Chromebooks are sure to be a hot topic at next week’s International Society for Technology in Education (ISTE) 2016 conference, given recent developments with Chrome OS.
One of the bigger announcements that came out of Google I/O in May was that the Google Play app store would soon be coming to Chrome. Google has engineered a way to run its Android Framework in a container that is also able to access the underlying Chrome OS — offering the best of both worlds, Chrome and Android. From a developer perspective, Google figured out how to mix the peanut butter into the chocolate. For Chrome aficionados, there’s only one word for that: Yum!
These changes were rolled out in increments during Google I/O. Karen Greenleaf, manager of Google for Education’s content program, wrote a blog post announcing some early Android offerings available for Chrome, including Open eBooks, an e-reader app that supports the ConnectED initiative.
The fun really starts this month, when three Chromebook models are set to receive updates for Google Play support: Acer’s Chromebook R11/C738T, ASUS’s Chromebook Flip and Google’s Chromebook Pixel (2015). Android app support will roll out to an expanding list of models throughout 2016.
This is exciting news for K–12, a huge market for Chromebooks, which run Chrome OS. In the third quarter of 2015, Chromebooks accounted for 51 percent of K–12 notebooks sales. The ability to access Android apps is going to further increase the appeal of Chromebooks within the education market.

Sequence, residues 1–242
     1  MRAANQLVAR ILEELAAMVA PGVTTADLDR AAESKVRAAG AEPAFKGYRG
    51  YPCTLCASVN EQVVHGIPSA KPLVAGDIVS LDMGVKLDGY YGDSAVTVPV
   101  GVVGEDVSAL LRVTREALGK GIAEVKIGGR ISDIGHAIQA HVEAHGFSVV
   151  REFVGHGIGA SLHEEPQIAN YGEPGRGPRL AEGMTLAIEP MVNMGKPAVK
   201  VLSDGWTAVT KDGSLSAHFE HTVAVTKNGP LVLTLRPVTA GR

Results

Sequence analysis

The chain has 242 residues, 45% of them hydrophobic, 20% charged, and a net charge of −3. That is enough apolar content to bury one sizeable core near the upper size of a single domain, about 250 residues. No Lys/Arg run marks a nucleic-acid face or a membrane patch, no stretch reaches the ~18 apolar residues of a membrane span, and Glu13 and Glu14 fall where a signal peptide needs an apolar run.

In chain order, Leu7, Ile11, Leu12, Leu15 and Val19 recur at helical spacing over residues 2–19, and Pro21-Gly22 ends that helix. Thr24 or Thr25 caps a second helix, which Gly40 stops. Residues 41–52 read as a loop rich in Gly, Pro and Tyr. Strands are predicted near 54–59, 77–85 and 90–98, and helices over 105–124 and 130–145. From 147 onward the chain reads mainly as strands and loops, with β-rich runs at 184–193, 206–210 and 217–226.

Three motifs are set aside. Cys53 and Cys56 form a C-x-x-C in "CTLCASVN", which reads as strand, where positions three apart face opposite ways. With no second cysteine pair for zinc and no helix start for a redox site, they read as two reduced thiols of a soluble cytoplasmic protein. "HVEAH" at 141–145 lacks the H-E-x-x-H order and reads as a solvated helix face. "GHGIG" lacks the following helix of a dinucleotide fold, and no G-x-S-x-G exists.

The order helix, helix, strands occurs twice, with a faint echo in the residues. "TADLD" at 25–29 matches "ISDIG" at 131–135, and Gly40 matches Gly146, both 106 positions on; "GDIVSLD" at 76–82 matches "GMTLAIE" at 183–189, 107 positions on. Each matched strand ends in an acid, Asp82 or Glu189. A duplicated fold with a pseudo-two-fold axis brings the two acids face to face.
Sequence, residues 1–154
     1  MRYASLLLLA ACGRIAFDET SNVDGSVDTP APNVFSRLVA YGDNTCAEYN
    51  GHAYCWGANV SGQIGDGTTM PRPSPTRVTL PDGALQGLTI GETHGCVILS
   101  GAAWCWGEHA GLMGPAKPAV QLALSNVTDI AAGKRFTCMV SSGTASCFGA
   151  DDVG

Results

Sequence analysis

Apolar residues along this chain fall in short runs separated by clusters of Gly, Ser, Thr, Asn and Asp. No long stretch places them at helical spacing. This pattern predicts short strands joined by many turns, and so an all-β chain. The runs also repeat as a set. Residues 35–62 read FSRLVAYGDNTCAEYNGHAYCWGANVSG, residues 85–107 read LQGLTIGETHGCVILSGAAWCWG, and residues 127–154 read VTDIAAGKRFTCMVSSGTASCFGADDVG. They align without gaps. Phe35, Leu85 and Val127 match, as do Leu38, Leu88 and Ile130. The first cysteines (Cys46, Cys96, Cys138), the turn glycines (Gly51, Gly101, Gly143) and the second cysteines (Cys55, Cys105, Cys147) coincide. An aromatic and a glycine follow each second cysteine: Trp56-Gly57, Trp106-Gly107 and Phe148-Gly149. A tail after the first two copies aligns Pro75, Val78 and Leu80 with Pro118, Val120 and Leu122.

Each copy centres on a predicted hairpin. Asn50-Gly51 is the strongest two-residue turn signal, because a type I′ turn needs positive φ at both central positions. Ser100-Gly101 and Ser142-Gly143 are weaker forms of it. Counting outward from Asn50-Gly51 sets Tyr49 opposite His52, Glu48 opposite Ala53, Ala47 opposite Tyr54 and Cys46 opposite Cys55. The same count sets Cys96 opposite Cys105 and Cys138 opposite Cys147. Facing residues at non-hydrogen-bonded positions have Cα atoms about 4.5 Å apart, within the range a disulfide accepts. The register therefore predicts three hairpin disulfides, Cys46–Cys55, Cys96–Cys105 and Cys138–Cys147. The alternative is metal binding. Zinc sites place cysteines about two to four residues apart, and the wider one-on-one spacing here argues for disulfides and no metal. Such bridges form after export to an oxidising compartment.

“So far, we’ve seen a huge positive response from schools,” says David Andrade, K–12 education strategist for CDW•G and the author of the Educational Technology Guy blog. “It opens up lots of opportunities. Schools that purchased iPads for certain apps now have another option for a broad selection of apps.”
Schools operating Apple ecosystems are not the only ones that may be affected by this development — Microsoft-reliant districts will also see changes.
“This will enhance the usability of Chromebooks in districts that support Microsoft Office 365, along with Google Apps for Education,” says Pete Koczera, manager of CDW’s K–12 business development. “They’ll have better options to use a mix of Google and Microsoft apps.”
Aside from app development, Android on Chrome is also likely going to alter Chromebook design, with more devices working in touchscreen to take full advantage of the Android app interface.
“Schools should now consider new factors when deciding on Chomebooks,” explains Koczera. “To date, most schools have selected 16-gigabyte, non-touch devices.
Android apps bring more value to touch-enabled models — especially the 32GB versions — to take advantage of the increased storage for apps.”
“Especially in the lower grades and with special needs students, touchscreen is huge,” adds Andrade. “Instead of just a keyboard, they’ll have multi-interface opportunities. And this gives the schools more options beyond the iPad.”
And while some IT admins might continue to pine for closed security ecosystems, Greenleaf points out in her blog post that they need not fret: Admins will be able to use the same Admin Console to manage Android apps that they’ve already been using for their Chromebook fleets.